Hoda Badran fears that the Egyptian women's movement is being crushed between two ideologies that have little sympathy for the rights of women. The 58-year-old sociologist and leader of the "Arab Alliance for women" says she believes that both the Islamists and the military have a stranglehold on the work of women's activists.
The parliament is dominated by Muslim Brothers and Salafists and in the form of Mohammed Mursi, the Muslim Brotherhood candidate has a good chance of becoming Egypt's first democratically elected president in the run-off. On the other hand there is the military, currently still in power, with their patriarchal masculinity cult based on values such as strength and bravery.
The second candidate in the run-off, ex Air Forces General Ahmed Shafik, is a product of this military background. Between them are women such as Hoda Badran, forced to look on in disbelief as their already negligible influence in Egyptian politics is further eroded.
Hoda Badran is the best-known representative of the women's movement. As chairwoman of the "Arab Alliance for Women", she is well connected across the MENA region. During Mubarak's rule, she also represented Egypt on official international boards such as the UN Convention on the Rights of the Child.
No place for women on political committees
"There is no place for women in the institutions governing the transformation," says Hoda Badran. The military council has abolished the parliamentary quota for women. Under Mubarak, 20 percent of seats were reserved for female deputies. Now there are only six women represented on the national parliament, which amounts to just 2 percent of all parliamentarians.
The only woman who aimed to stand for the post of president, the journalist Bouthaina Kamel, did not manage to gather the necessary number of signatures to support her candidacy. "Women have to mutually support each other and demand their rights," says Badran. Otherwise, she sees a bleak future for the Egyptian women's movement.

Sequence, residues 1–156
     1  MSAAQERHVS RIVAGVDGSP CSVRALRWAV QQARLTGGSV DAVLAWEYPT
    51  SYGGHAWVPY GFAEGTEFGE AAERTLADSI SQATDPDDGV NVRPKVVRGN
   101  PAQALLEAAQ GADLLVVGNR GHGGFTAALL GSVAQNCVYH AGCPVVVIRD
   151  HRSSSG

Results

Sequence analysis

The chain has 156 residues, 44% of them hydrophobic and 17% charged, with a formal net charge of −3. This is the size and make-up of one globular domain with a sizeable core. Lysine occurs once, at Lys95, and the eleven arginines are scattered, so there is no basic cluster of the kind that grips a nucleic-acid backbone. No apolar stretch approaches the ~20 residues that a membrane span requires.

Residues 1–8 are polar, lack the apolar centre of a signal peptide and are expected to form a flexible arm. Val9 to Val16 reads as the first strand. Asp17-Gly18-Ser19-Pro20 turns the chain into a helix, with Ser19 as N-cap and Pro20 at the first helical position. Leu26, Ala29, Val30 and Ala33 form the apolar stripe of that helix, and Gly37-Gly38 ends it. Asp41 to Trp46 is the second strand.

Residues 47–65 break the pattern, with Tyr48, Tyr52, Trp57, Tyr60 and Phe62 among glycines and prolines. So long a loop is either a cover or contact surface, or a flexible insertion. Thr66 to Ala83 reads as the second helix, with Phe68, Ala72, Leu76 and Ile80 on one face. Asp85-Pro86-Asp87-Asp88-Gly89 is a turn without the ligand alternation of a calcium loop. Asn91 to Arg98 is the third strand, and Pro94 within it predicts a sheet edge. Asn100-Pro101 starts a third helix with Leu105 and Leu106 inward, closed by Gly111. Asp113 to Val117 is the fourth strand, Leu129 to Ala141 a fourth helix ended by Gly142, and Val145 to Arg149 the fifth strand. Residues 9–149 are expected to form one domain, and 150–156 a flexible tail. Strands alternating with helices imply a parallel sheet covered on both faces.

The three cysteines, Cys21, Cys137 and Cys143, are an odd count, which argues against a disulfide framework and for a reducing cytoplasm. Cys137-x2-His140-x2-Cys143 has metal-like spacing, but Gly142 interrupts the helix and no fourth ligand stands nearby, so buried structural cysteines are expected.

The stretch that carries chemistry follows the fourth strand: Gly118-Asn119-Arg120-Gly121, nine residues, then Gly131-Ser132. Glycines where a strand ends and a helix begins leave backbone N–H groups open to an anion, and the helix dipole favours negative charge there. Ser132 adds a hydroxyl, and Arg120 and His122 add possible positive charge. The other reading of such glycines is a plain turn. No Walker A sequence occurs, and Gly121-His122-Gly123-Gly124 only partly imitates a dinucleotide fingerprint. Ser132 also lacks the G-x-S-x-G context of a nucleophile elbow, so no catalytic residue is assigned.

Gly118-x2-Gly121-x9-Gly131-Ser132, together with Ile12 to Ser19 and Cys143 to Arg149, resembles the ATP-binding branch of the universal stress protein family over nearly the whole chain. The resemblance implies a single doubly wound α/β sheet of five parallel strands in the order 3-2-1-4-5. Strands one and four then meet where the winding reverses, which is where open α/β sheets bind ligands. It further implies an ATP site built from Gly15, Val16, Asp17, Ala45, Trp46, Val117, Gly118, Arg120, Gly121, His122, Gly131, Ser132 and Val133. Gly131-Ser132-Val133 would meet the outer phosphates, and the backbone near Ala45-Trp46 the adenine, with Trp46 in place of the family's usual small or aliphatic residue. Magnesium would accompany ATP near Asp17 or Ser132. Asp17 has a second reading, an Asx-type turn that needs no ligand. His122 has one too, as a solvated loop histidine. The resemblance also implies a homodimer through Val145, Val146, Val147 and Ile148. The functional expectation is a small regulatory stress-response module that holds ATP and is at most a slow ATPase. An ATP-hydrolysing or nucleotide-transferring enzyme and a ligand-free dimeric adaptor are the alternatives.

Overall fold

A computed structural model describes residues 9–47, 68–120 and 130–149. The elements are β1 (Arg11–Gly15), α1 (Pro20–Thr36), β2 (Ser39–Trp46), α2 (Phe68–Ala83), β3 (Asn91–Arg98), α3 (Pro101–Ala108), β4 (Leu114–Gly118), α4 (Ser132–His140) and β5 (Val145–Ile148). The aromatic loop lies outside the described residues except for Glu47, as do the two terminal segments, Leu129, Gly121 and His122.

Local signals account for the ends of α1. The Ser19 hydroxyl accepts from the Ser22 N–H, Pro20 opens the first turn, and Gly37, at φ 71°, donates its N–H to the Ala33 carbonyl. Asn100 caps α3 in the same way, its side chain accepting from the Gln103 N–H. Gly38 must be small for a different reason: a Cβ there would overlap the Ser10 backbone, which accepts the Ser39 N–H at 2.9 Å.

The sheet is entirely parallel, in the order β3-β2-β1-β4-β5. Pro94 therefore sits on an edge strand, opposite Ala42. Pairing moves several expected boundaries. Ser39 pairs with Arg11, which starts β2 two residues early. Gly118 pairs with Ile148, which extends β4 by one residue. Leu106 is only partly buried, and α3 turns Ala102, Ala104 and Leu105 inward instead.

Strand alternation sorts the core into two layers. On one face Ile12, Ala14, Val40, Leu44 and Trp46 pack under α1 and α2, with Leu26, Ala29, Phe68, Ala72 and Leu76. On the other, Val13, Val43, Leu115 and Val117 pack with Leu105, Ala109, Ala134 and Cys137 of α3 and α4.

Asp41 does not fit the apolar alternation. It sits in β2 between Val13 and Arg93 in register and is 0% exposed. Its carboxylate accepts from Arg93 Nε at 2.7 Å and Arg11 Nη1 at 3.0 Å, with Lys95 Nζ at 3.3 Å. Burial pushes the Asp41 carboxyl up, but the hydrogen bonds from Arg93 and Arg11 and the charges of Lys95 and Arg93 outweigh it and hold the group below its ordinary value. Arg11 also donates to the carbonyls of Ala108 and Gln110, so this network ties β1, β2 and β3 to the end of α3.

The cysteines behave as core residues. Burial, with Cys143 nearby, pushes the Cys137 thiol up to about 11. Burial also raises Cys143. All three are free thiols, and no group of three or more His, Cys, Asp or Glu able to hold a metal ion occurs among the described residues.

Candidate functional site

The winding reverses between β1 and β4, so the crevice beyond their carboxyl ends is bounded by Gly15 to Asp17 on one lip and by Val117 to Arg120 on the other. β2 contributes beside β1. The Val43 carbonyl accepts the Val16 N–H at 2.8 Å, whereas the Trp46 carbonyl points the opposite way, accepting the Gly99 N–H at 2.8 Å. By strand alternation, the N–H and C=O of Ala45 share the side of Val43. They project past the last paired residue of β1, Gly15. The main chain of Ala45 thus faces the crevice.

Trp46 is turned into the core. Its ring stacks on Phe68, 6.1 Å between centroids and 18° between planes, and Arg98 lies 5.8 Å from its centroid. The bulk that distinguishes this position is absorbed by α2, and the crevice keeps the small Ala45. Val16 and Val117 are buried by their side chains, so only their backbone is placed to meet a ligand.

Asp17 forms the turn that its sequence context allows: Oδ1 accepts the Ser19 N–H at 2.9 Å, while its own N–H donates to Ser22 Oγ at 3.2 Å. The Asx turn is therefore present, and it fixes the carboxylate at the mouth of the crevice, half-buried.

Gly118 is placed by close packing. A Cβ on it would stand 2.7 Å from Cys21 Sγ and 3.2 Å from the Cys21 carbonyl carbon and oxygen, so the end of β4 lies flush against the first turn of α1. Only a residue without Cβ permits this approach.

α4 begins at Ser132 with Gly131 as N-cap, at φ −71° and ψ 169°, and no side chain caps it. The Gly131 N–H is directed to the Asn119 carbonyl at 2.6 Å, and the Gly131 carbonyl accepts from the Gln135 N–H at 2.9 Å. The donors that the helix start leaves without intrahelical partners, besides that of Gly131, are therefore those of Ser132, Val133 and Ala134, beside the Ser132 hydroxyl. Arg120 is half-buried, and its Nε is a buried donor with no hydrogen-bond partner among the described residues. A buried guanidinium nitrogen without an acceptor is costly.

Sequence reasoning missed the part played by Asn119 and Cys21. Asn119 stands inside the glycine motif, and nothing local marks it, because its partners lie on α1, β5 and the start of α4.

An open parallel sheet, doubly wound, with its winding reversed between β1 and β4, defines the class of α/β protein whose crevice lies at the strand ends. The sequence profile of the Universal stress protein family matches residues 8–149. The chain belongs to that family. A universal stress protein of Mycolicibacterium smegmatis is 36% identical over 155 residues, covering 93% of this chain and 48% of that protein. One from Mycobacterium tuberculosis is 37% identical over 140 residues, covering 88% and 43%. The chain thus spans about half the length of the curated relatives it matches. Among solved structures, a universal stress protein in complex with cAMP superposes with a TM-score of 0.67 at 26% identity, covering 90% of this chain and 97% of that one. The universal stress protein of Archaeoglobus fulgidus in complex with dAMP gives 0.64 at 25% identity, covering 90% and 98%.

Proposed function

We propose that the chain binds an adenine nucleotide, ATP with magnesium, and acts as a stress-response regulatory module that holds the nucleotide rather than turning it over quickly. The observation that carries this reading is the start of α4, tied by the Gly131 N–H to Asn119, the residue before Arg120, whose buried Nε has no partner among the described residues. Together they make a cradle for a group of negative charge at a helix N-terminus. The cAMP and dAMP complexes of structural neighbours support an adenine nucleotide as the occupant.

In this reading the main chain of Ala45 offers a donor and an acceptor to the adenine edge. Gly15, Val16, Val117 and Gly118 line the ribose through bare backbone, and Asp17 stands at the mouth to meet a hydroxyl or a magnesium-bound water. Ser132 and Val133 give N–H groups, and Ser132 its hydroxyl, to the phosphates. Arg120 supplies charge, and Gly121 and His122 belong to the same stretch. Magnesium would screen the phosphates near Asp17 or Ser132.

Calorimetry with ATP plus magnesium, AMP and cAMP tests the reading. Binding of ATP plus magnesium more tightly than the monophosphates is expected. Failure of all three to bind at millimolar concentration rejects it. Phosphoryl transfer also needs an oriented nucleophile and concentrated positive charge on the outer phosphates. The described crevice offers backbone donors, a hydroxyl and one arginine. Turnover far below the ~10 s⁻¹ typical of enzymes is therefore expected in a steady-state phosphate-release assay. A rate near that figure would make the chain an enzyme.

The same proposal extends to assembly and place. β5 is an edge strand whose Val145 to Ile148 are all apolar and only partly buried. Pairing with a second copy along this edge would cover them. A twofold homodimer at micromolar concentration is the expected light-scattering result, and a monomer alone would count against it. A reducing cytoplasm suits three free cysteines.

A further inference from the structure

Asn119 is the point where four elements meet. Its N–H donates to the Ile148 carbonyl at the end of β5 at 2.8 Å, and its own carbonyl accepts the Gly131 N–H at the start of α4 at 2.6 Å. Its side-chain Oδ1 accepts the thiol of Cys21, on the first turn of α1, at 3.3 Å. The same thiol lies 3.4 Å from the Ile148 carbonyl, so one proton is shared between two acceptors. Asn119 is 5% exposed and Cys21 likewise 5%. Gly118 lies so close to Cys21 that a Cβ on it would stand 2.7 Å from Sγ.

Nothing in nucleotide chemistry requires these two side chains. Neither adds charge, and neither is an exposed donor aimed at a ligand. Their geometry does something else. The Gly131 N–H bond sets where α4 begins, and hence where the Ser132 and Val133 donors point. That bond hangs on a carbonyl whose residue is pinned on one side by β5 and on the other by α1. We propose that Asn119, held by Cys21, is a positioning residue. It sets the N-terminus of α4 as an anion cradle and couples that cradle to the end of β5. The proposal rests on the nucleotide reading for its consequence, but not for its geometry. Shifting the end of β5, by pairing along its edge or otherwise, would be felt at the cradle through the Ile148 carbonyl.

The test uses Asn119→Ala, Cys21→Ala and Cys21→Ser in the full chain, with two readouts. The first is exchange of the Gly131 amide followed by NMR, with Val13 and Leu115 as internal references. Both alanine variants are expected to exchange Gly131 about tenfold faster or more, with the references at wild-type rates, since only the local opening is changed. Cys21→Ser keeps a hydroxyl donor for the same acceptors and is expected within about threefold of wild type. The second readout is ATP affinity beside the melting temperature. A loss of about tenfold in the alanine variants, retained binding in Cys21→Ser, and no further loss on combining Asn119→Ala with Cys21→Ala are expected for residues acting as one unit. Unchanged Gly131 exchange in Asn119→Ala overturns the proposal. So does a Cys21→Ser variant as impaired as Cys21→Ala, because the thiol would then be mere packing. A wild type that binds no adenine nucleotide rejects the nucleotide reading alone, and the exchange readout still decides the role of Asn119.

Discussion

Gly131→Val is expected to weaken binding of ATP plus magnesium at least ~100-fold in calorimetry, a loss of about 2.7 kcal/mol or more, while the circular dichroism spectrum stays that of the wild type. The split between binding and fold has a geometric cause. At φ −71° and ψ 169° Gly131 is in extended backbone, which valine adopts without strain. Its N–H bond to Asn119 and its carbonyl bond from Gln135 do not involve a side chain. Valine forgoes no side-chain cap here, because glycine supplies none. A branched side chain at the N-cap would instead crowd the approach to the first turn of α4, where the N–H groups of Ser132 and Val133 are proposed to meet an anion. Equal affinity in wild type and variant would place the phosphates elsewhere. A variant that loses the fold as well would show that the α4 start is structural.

But Badran and her colleagues are making every effort to secure broad support for their work among the general public. Their work has even encountered resistance from the well-educated, mostly young activists driving the protest movement. These people often expound the view that this is not the time for women's rights, and that the focus should be on democracy. If the transition to democracy is successful, they say, the situation of women will improve.
Badran says this is a misconception that many women have fallen victim to in the past. "This won't happen automatically," she says with certainty. "We have to win our rights." She knows what she is talking about. Badran herself was married off by her family to an older man and went through an arduous battle to win her independence.
The others, the illiterate women – some 50 percent of Egyptian women cannot read or write – are occupied with the daily survival of themselves and their families. It does not even occur to women who work the land for 12 to 15 hours a day to formulate their own needs and wishes.
By Claudia Mende; Translated by Nina Coon
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